about genotyping will be provided upon request from the authors.
Data analysis. Odds ratios (ORs) were estimated using logistic
regression models with the PROC LOGISTIC function of the SAS
software package (version 9.1; SAS Institute, Cary, NC, USA)
adjusting for gender and smoking. Departure from Hardy–Weinberg
equilibrium was assessed by comparing the expected to observed
genotype frequencies using the asymptomatic Pearson’s χ2test.
ANTICANCER RESEARCH 28: 3119-3124 (2008)
Table I. Polymorphisms, primers and probes used in this study.
PolymorphismForward primers Reverse primersReporter _VICReporter _FAM
Numbers for polymorphism refer to positions in the Genbank entry AY382629 and as detailed at http://pga.gs.washington.edu/data/
Characteristics of the study population and the association
with colorectal cancer in this group of cases and controls are
displayed in Table II. The only highly significant positive
association was observed between current smokers and the
risk of adenoma development [odds ratio (OR)=2.73, 95%
confidence interval (CI) =1.20-6.19, p=0.03). A non-
significant association was also present between former
smokers and adenoma development (OR=1.52, CI=0.81-
The data of the association analysis for the main effect of
the 13 polymorphisms distributed over the entire Cox-2 gene
are displayed in Table III. Of the 13 htSNPs, an intronic
polymorphism and another in the 3’ flanking region (FR),
when adjusted for gender and smoking, were associated with
a lower risk of adenomas. Adjusting for age and smoking
also resulted in very similar associations (data not shown).
Individuals with the heterozygous genotype at the intron 5-
5229 had a statistically significant decrease in the risk of
developing adenomas (OR=0.42, CI=0.19-0.92, p=0.03).
Similarly, a highly significant protective effect for adenoma
risk was observed in individuals with the heterozygous
genotype at position 3’FR-10935 (OR=0.39, CI=0.18-0.83,
p=0.01). The risk of adenoma in individuals with the variant
homozygous genotypes at intron 5-5229 and 3’ FR-10935,
however, was no different from that of the control group.
Ashktorab et al: Cox-2 Variants and Adenoma Risk in African Americans
Table III. COX-2 genotypes and the risk of advanced colorectal
Ancestral alleles are treated as wild-type. OR, odds ratio; CI, confidence
interval. Values are adjusted for gender and smoking.
Table II. Characteristics of cases and controls.
Characteristic Cases Controls OR95% CI
Body mass index
OR, odds ratio; CI, confidence interval.
Besides the polymorphisms at intron 5- 5229 and 3’FR-
10935, two other polymorphisms in the promoter region
showed a trend for a protective effect for adenoma
development. There was a marginally significant lower risk
of adenoma development in individuals with the rare
homozygous genotype at the –861 position (OR=0.29,
CI=0.08-1.04, p=0.06) and a statistically non-significant
protective trend for the risk of adenomas (OR=0.29,
CI=0.06-1.38, p=0.12) in individuals with another rare
homozygous variant at the –663 polymorphism (Table III).
To our knowledge, our pilot study represents the first
exhaustive approach to determine the influence of genetic
variants of Cox-2 on the risk of colorectal adenoma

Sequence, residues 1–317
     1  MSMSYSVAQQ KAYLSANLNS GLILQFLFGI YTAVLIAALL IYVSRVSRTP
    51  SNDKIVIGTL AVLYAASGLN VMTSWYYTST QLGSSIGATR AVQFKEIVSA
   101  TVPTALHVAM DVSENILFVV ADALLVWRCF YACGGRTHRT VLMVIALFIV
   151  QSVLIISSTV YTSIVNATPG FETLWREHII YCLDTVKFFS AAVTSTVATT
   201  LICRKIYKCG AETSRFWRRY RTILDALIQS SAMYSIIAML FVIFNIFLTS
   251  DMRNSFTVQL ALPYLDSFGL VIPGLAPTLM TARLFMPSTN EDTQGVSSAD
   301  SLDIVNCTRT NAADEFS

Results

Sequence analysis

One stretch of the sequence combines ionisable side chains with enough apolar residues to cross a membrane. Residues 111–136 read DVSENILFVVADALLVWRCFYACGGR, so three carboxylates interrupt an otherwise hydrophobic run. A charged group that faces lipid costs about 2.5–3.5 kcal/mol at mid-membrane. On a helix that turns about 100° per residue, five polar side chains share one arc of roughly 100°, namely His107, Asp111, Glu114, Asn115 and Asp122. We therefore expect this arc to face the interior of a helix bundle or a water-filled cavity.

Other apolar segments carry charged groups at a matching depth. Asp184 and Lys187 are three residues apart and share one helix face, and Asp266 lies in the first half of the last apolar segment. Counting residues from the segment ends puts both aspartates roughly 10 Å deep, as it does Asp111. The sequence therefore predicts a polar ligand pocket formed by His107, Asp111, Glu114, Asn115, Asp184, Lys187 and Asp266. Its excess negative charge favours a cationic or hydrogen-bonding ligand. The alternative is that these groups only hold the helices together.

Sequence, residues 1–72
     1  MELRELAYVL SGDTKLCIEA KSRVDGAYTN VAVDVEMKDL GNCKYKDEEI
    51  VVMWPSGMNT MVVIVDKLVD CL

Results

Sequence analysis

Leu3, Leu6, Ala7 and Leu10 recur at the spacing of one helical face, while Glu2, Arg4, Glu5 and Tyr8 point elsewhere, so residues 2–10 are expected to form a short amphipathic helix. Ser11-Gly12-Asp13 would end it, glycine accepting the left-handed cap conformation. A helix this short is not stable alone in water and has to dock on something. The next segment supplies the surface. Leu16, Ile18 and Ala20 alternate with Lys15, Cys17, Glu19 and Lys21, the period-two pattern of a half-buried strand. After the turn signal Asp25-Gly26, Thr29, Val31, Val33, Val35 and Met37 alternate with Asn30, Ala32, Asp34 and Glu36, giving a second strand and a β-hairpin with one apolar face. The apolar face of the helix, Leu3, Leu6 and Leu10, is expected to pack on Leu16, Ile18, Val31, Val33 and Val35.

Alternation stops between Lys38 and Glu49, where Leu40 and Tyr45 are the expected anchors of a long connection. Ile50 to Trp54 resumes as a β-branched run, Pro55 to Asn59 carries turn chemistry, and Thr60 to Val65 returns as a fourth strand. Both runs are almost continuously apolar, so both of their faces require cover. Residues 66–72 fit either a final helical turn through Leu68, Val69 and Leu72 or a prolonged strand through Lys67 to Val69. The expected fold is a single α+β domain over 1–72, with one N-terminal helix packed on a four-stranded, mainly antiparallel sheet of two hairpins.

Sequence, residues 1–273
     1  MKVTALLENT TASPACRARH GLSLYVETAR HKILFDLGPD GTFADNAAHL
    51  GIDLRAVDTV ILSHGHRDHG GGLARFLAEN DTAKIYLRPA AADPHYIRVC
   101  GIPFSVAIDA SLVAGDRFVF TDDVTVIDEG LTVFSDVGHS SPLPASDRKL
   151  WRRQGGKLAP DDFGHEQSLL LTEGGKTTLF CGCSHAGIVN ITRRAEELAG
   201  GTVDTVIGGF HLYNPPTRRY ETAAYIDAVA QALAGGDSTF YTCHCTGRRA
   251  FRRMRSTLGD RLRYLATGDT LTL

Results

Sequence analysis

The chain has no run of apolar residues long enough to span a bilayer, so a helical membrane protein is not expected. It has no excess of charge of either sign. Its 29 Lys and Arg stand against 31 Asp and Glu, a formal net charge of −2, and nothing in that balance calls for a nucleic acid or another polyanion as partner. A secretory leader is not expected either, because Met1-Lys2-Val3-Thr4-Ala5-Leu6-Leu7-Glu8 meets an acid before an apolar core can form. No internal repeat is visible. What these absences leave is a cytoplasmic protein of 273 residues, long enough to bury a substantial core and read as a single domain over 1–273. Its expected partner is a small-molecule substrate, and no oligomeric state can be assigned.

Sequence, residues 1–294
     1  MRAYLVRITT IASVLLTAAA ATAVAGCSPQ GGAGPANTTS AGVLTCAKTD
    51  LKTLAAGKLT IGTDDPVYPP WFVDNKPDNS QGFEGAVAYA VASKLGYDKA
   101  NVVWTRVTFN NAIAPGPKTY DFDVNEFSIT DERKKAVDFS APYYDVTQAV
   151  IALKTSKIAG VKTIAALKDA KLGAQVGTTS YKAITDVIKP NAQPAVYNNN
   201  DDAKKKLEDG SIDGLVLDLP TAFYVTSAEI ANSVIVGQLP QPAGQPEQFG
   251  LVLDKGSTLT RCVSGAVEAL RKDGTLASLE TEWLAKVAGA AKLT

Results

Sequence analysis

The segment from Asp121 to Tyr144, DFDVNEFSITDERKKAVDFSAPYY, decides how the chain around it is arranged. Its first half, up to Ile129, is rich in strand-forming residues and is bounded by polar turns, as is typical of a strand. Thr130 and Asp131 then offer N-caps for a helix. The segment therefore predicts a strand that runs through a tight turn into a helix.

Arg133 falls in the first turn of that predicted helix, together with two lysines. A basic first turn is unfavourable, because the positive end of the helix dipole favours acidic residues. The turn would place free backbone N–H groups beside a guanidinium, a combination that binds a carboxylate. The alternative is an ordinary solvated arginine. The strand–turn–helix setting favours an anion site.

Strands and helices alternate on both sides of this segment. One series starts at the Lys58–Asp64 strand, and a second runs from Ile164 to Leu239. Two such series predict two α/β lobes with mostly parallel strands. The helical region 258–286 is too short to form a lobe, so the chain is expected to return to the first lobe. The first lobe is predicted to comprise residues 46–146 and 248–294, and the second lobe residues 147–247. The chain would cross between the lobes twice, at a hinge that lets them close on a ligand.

development in African Americans. We evaluated 13 htSNPs
with a minor allele frequency ranging between 0.13-0.43 that
were distributed over the entire Cox-2 gene and captured
most common variations in the African American population.
Two polymorphisms located in intron 5 and in the 3’ FR
showed a protective effect for adenoma development.
A reduced risk of adenoma development in African
Americans in carriers of the heterozygous genotype at intron
5-5229 in the Cox-2 gene is consistent with the previous
finding of the protective effect of this polymorphism on
development of colorectal adenoma in Caucasians (12).
Interestingly, a Swedish study reported a protective effect of
the same polymorphism (rs20432) (referred to as position
+3100) for prostate cancer (20). It is also noteworthy that,
similar to our study in African Americans, the heterozygous
but not the variant homozygous genotype at intron 5-5229 had
an inverse association with prostate cancer risk in a Swedish
population (20). Intronic sequences are believed to harbor
transcriptional regulatory elements. The intronic variants may
therefore modulate disease risk by regulating gene expression,
gene splicing, or transcript stability (21). A protective effect
of the variant G allele at intron 5-5229 of the Cox-2 gene in
colorectal and prostate cancer may indicate a transcription
regulatory role of intronic sequences. Alternatively, the intron
5-5229 polymorphism may be in linkage disequilibrium with
a nearby functional polymorphism.
Another polymorphism with a protective effect for
adenoma development was detected at position 10935 in the
3’ flanking region of the Cox-2 gene. This is located
downstream of the polyadenylation signal and AU-rich
elements. Previously, disease-associated variants have been
described in the 3’ flanking region of genes that affect
transcription factor-binding sites (22). Polymorphisms in
the Cox-2 gene located upstream of the 3’FR-10935
position have been reported to have cancer-modulating
effect. Especially, both positive and negative association of
the 3’ UTR-8494 polymorphism with various types of
cancer has been widely reported (12). In particular, the
heterozygous, but not the variant homozygous genotype at
3’ UTR-10494 was found to be protective for prostate
cancer in a Swedish population (20). Although, there was
no evidence of a risk-modulating effect of the previously
reported 8494 or 10494 variants of the Cox-2 gene in our
small study, the protective effect of the nearby 3’ FR-10935
polymorphism underscores the significance of allelic
variants in the 3’ regulatory region of the Cox-2 gene in
affecting the risk of cancer development.
In summary, our study underscores the relevance of genetic
variants in the regulatory regions of Cox-2 in modulating
cancer risk. In the absence of any information on the
functional significance of the intron 5-5229 and 3’FR-10935
polymorphisms in development of colorectal adenoma in
African Americans, future studies with larger numbers of
cases and controls will be necessary to rule out the possibility
that the protective effect of Cox-2 variants in the regulatory
regions on adenoma development is a chance finding.
This work was supported by Grant #CA102681, funded by
the National Cancer Institute and GCRC.
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Received May 14, 2008
Revised July 25, 2008
Accepted August 4, 2008
Ashktorab et al: Cox-2 Variants and Adenoma Risk in African Americans